Reflections in the Wake of the Gulf Coast Spill -Part 1
I’ve followed the horrible oil spill in the Gulf of Mexico with growing grief and sadness this past week.
It’s ironic that this spill happened only a month after the Upper Big Branch Mine accident in West Virginia. The towns and hamlets along Louisiana’s marshy coast line have, as it turns out, some commonality with the coal mining towns of Appalachia.
In early 2006 I was in New Orleans doing some volunteer work in the 9th Ward with Common Ground Relief (you can read more about it at my previous blog if you'd like). The Saturday night before Mardi Gras, one of the other volunteers and I wandered into the French Quarter looking for a spot to have dinner. We finally found an African restaurant there where we could get a seat in a reasonable amount of time- the restaurants that had reopened by then were pretty overwhelmed.
It was catch as catch can, so we grabbed a large table as a previous party was getting up to leave. Almost as soon as we sat down, another group asked if we would mind them joining us at the table.
“Not at all,” we responded.
Over the long wait to be served, they began sharing their lives with us. They were two young couples. One, a man originally from Humboldt, CA and his wife, originally from Oregon. She taught poetry at Loyola University in New Orleans. The others were her very young students- the young woman, a native New Orleanian, and the young man from Chauvin, a town near the Gulf, south of Houma, and west of Venice- epicenter of this current catastrophe, and a place devastated by Hurricane Rita, which followed on the tail of Katrina. He described his village to us as one run by women. The men, he explained, were out working on the oil rigs in the Gulf up to 10 weeks at a stretch. He had worked for a while on the rigs himself.
“It’s a whole different world down there,” they told us.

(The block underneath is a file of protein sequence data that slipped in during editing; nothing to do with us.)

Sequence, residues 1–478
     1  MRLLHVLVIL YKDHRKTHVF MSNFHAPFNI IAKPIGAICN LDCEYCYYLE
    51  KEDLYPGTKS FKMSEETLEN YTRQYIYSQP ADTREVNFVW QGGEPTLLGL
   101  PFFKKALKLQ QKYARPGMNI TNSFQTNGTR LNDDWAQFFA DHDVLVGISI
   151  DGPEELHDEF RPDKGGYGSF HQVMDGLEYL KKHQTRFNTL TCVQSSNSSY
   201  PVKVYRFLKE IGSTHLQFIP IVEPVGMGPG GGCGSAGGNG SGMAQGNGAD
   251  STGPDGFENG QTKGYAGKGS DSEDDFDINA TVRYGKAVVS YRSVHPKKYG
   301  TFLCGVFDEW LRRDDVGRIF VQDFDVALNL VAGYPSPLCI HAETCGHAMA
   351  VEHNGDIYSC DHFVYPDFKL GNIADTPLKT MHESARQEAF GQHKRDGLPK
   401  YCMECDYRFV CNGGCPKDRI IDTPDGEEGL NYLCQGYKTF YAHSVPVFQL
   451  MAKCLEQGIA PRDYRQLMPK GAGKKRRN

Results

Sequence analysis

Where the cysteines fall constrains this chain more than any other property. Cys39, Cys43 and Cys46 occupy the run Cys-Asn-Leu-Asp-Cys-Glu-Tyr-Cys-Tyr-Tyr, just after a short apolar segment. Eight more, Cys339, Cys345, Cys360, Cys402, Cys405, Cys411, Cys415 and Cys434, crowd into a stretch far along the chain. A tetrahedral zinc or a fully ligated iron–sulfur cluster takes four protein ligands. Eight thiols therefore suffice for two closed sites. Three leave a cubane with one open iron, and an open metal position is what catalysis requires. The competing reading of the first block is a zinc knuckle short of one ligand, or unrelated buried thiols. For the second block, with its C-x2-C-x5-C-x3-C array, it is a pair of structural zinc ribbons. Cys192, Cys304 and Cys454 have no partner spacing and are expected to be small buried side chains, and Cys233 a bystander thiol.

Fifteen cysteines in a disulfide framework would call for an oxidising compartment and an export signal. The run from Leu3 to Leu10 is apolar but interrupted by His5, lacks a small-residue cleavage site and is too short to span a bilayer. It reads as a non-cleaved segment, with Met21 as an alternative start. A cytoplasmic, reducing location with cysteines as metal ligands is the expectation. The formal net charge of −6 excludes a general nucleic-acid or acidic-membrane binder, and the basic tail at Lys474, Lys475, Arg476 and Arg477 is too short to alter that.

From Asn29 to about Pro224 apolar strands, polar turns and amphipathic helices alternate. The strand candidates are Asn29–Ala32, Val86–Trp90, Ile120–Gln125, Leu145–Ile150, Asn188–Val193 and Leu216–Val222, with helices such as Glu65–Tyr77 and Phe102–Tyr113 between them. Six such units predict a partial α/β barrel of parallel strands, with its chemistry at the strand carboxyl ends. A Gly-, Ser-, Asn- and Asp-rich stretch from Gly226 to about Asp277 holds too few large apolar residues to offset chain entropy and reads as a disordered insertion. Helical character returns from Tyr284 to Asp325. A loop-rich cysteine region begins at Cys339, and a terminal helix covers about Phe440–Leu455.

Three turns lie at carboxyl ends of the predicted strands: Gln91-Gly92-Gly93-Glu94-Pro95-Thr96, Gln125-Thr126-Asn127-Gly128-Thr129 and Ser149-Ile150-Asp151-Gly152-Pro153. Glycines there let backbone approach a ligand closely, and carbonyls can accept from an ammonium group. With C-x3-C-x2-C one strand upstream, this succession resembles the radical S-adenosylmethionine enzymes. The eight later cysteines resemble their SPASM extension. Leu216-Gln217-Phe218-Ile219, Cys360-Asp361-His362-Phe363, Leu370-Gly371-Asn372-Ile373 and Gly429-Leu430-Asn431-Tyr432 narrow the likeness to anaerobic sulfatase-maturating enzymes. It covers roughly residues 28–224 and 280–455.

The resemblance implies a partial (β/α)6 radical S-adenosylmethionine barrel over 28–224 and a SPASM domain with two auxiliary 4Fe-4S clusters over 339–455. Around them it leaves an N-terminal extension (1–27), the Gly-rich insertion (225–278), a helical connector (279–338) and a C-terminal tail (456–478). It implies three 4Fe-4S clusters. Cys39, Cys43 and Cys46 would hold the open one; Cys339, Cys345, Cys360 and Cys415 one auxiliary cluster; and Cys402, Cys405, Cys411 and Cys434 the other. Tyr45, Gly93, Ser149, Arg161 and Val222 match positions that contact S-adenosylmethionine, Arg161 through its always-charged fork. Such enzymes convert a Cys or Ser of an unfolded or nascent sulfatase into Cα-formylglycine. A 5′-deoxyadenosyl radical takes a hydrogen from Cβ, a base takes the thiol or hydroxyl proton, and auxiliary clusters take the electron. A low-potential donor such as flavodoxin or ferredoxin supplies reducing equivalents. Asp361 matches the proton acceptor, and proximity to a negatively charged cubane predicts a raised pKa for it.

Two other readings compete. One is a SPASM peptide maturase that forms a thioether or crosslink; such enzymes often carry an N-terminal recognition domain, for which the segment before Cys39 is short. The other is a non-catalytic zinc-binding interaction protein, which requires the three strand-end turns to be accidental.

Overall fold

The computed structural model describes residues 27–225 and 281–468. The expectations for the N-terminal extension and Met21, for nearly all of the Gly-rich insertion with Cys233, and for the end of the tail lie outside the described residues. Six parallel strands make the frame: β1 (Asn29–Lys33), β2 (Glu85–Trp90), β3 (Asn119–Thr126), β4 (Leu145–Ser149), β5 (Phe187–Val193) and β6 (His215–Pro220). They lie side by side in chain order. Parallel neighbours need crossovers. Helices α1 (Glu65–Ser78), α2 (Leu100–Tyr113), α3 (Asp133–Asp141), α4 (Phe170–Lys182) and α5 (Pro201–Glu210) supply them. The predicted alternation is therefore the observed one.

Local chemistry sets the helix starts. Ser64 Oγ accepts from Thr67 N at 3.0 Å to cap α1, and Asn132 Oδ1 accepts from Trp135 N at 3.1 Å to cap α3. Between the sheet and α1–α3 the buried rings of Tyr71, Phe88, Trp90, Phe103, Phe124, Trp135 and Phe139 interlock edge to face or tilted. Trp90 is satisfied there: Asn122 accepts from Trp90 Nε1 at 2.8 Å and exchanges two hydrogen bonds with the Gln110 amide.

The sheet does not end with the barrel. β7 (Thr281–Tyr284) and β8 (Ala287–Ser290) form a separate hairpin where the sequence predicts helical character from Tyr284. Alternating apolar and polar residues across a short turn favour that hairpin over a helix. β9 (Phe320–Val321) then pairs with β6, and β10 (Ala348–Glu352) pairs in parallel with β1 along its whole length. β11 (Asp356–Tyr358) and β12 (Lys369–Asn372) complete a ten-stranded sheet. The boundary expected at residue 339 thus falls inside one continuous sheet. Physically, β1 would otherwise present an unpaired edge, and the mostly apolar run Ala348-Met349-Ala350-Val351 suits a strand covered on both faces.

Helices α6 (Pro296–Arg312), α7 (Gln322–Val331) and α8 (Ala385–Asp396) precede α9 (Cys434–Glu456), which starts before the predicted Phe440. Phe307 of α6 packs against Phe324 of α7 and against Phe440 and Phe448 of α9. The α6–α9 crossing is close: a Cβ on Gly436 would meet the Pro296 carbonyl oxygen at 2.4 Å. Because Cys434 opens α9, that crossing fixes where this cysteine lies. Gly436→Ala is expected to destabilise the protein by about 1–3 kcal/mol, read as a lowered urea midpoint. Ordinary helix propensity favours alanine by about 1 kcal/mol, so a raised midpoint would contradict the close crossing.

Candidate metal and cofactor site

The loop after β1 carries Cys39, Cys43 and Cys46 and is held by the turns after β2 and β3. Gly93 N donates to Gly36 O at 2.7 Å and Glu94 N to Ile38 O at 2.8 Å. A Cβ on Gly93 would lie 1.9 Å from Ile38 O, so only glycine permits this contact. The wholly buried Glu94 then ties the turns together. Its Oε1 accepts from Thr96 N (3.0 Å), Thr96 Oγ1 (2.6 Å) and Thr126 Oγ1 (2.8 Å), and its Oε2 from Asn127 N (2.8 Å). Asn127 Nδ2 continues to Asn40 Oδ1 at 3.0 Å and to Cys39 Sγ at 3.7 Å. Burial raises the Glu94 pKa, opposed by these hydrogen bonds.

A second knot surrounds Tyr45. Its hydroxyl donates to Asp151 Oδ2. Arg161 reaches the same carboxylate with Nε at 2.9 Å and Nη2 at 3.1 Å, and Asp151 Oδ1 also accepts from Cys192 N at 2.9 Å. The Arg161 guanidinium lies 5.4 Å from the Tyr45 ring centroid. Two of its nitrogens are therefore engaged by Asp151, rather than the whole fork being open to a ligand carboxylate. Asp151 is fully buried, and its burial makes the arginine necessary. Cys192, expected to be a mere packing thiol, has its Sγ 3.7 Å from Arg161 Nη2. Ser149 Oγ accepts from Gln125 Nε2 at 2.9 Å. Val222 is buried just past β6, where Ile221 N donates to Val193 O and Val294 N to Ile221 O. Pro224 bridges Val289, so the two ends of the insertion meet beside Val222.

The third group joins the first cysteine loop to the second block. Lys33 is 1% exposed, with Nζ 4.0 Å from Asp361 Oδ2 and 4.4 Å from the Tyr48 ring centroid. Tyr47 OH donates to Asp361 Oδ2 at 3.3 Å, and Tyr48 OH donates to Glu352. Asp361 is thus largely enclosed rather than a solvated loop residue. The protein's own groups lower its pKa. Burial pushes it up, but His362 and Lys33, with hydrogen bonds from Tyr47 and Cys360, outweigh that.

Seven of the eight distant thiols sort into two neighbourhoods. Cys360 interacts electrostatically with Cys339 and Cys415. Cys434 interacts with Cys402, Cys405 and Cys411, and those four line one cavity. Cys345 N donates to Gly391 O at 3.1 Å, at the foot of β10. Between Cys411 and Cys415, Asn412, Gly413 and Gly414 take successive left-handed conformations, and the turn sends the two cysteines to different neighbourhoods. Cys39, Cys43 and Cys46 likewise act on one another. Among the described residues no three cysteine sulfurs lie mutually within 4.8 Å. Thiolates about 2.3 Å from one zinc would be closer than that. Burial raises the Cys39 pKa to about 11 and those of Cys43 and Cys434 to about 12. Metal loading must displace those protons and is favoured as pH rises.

Over plantains, spinach and okra, and chicken with ginger, the young man from Chauvin and Ron (my fellow volunteer who had also spent some time working on oil rigs in Canada), got into a discussion about oil. The young man was extremely bright and the service was very slow, so we talked late into the night about writing, the local universities, the future of New Orleans, whether they could stay there and where else they might end up after graduation. There was a palpable sadness in the air, as the young woman concluded she could not stay.
The Gulf Coast of Louisiana is home to a vibrant culture, one of lively music, wonderful cuisine, a deeply rooted religious tradition- a community with their own language, and one that values family and community above most anything. One of, if not the most unique, in a country increasingly plagued with a commercial culture of “sameness.” The Acadian people settled there hundreds of years ago after being brutally forced out of Nova Scotia, a pawn in the war between the British and the French. Their journey from the Canadian coast to the Louisiana coast surely left a trail of tears in its wake. They, however, are a resilient people, and they've thrived in Louisiana.
Now their way of life is being threatened by coastal erosion, leading to greater devastation from hurricanes. And now, just as the Appalachian coal mining communities- their beautiful topography and their people- have been sacrificed for America’s energy needs, and energy companies’ huge profits, so are the Gulf Coast communities being sacrificed on the altar of the rest of America’s gluttony for oil.